Working

Works on the Application layer (7).
It can look at the application's requests and route traffic to respective endpoints.
EX:
πŸ€ Two instances are running behind the ALB.
πŸ€ Instance 1: An application is running that take orders of anything related to Starbucks on the URL: orders.com/Starbucks
πŸ€ Instance 2: An application is running that take orders of anything related to only SMOOR on the URL: orders.com/smoor
πŸ€ Requests hit on ALB, This requests can be either of kind i.e. for ordering Starbucks coffee or ordering Belgium chocolate truffle with icecream at SMOOR, looks into it and process the requests to respective instances where desired application is running.

Gotchas

πŸ¦‹ Supports for web sockets and HTTP/2
πŸ¦‹ Allows content-based routing
πŸ¦‹ Path and host-based routing
πŸ¦‹ Supports microservices and container-based applications with ECS
πŸ¦‹ Has health checks and Cloudwatch metrics
πŸ¦‹ Load balancer API deletion protection

Architecture

Architectire

Explanation

Parameters in application load balancer:
πŸ€ Listener:
Where we set the port at which the requests should listen. It's just configuration part of ALB

πŸ€ Rules:
Behind the listener there are rules. These rules where to send the requests based on the request arrived at the listener's port.
There can only be One port for One listener, but many Rules can be there for the listener.
Ex: HTTP request comes at listener's port 80. Rules are set for port 80 saying if it is http://x/y send to Instance 1 and if the requests are of http://x/z send to instance 2. Simple as that. So there can be many rules behind One listener.
It's just configuration part of ALB

πŸ€ Target Groups:
Let's say three instances are running for requests related to Starbucks only. This will become a group. So if the request is of https://order.com/starbucks we tell load balancer that Target these requests to the group of three running instances. Thus it goes to the target...within the target, there are three instances it then distributes the requests among those instances in round-robin fashion.

πŸ€ Health Check:
Can monitor the wprking of ALB.

Demo

Recommend using Console...basically, you will explore a lot! Then start using Configuration management tools such as Terraform/ Ansible to play around.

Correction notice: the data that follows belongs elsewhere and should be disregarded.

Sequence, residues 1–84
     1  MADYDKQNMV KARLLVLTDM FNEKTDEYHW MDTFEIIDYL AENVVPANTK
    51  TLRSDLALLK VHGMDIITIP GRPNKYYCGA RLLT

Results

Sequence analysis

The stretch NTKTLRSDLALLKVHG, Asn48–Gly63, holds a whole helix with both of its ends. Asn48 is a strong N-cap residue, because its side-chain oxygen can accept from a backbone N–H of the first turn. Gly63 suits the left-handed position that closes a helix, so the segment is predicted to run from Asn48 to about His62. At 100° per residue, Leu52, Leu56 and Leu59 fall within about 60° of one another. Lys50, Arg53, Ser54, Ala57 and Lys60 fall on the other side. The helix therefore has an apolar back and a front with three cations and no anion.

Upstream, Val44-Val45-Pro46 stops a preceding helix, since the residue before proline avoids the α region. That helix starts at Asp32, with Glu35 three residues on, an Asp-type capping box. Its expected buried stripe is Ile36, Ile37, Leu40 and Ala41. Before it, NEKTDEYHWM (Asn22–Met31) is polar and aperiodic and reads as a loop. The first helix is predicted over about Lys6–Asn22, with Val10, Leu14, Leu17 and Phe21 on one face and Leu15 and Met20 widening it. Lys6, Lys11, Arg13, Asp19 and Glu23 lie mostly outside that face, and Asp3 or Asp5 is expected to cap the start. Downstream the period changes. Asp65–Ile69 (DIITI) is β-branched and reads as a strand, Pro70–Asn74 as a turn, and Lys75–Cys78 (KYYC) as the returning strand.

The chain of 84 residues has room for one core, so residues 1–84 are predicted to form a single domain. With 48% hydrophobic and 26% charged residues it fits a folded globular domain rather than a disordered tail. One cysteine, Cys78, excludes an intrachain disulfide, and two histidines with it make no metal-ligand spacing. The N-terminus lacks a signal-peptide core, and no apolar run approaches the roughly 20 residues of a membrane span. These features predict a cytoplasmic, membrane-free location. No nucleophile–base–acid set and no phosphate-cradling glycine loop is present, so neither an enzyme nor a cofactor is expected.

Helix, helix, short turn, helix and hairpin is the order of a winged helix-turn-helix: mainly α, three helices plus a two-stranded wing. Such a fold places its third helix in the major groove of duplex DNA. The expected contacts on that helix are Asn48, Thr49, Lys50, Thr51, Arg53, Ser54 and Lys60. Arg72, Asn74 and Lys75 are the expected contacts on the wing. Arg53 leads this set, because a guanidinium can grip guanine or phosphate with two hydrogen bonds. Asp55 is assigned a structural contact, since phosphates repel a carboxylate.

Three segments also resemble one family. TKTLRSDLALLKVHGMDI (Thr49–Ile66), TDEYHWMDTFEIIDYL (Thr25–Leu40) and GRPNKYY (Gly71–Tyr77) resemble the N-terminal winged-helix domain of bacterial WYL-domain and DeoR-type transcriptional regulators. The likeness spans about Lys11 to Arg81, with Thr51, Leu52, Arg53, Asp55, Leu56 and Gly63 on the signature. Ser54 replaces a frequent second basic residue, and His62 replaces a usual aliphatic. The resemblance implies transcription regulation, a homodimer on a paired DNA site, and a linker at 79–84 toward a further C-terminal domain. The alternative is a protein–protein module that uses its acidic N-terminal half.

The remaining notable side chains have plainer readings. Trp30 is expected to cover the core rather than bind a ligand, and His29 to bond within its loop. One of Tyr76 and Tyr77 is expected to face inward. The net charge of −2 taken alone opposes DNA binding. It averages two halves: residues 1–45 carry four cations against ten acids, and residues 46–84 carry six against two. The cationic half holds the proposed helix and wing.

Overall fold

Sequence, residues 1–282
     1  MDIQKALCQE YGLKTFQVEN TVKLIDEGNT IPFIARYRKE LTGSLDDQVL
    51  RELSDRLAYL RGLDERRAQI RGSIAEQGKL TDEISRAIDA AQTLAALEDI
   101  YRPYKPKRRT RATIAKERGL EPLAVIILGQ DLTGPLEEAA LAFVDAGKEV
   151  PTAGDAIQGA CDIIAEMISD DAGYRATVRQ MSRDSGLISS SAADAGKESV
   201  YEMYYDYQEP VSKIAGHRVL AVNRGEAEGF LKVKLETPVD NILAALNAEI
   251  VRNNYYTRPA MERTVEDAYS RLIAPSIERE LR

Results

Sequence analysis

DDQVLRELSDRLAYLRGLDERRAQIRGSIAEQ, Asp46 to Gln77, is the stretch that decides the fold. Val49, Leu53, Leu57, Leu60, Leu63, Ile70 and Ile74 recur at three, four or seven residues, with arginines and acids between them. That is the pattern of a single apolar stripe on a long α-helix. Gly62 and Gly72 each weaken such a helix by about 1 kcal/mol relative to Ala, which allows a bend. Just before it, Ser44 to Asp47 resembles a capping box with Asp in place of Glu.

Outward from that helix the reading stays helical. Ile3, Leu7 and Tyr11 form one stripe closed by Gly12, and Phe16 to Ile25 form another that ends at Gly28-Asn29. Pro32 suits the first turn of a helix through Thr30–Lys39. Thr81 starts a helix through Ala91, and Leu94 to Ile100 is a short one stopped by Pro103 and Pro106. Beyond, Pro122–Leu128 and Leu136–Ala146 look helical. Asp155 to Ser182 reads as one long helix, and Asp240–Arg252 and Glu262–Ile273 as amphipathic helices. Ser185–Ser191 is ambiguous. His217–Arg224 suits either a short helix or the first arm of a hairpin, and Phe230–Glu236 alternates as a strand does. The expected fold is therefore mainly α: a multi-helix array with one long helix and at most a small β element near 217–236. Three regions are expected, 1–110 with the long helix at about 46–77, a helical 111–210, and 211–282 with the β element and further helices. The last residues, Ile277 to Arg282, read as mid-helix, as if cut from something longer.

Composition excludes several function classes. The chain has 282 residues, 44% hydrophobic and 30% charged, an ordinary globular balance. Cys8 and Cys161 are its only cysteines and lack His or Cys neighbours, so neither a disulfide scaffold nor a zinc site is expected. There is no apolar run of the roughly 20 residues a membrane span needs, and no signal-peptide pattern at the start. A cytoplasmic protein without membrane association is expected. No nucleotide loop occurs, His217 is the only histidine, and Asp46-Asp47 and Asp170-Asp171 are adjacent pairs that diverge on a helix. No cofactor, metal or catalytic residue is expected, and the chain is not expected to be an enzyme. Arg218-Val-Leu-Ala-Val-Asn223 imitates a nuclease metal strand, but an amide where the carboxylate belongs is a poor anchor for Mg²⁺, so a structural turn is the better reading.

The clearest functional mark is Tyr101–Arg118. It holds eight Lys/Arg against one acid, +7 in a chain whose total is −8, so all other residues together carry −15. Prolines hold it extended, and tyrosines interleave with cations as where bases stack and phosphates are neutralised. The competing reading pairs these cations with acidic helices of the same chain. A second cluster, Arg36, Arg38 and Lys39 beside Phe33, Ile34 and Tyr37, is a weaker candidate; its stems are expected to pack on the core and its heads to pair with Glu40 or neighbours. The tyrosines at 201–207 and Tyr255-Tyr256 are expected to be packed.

NOTE: Click on highlighted text to refer screenshots. :)

  1. Launch Two instances
    πŸ‘‰ Click on Launch instance
    πŸ‘‰ Select 64bit AMI:Amazon Linux AMI 2018.03.0 (HVM), SSD Volume Type
    πŸ‘‰ Select t2.micro-> Next ->
    πŸ‘‰ Under Number of Instances: type 2 && πŸ‘‰ Under Network: select VPC (default/your own) &&
    subnet: select public subnet &&
    Auto-assign public ip: select
    πŸ‘‰ enable &&
    πŸ‘‰ Under User data: type
   #!/bin/bash
   yum update -y
   yum install -y httpd24
   service httpd start
   chkconfig httpd on

πŸ‘‰ -> Next ->
πŸ‘‰ Add storage: let it be dafult ->
πŸ‘‰ Next->Security group create your own. SSH:22:MyIP and HTTP:80:anywhere
πŸ‘‰ Review and launch -> Launch -> Give your key pair!.
We have launched two same instances in the same availability zone.
screenshots to refer.

  1. Try hitting using public ip of instances. It should display a deafult apache page. It should look something like below
    Instance 1
    Instance 2

  2. SSH into each instance using it's public ip and do the following.
    For Instance 1

ssh -i "your-key" [email protected]<your-ec2-public-ip>
sudo su
cd /var/www/html/
vi index.html
<html>                                        ### write the content
<header><title>Instance-1</title></header>
<body>
INSTANCE 1 <br><br>
This is deafult page<br><br>
</body>
</html>

Refresh the page and check what it displays

Simillarly For Instance 2

ssh -i "your-key" [email protected]<your-ec2-public-ip>

sudo su
cd /var/www/html/
vi index.html
<html>                                        ### write the content
<header><title>Instance-2</title></header>
<body>
INSTANCE 2 <br><br>
This is deafult page<br><br>
</body>
</html>

Refresh the page and check what it displays

  1. Create Application Load Balancer
    πŸ‘‰ Create two target groups, same config for both: name the target group, parameters for health check
    πŸ‘‰ Add instances to Target groups created. (one ec2 in each): 1, 2
    πŸ‘‰ create Load balancer -> ALB you have to select minimum two AZ -> Next-> Security groups select the same as created for EC2 -> Select TG -> Next -> create.
    Copy ALB's DNS and try hitting it.
    πŸ‘‰ Check what happens.
    Deault rule says route the request to TG1. which in our case Instance 1. So it should display Instance 1 page.

  2. SSH into each instance and do the following

Instance 1

ssh -i "your-key" [email protected]<your-ec2-public-ip>
sudo su
cd /var/www/html
mkdir starbucks
cd starbucks
vi index.html 
## add following contenct in file
<html>    
content
<header><title>Instance-1</title></header>
<body>
    INSTANCE 1 <br><br>
This is Starbucks path in TG-1 <br><br>
</body>
</html>

Instance 2

ssh -i "your-key" [email protected]<your-ec2-public-ip>
sudo su
cd /var/www/html
mkdir starbucks
cd starbucks
vi index.html 
<html>
content
<header><title>Instance-2</title></header>
<body>
        INSTANCE 2<br><br>
This is SMOOR path in TG-2<br><br>
</body>
</html>

  1. So far we haven't edited any rules, just gave listener port 80.
    Click on edit rule and add the Rules for path-based routing i.e.
    • if /starbucks* should go to TG 1 (Instance 1's display Starbuck page )
    • if /smoor* should go to TG 2 (Instance 2's display Smoor page )
    • by default i.e. when hit on to ALB's DNS should go to TG 1 (Instance 1's default page display)

This I how usually flow looks

flow
That's all folks go and explore and play around a little bit. :)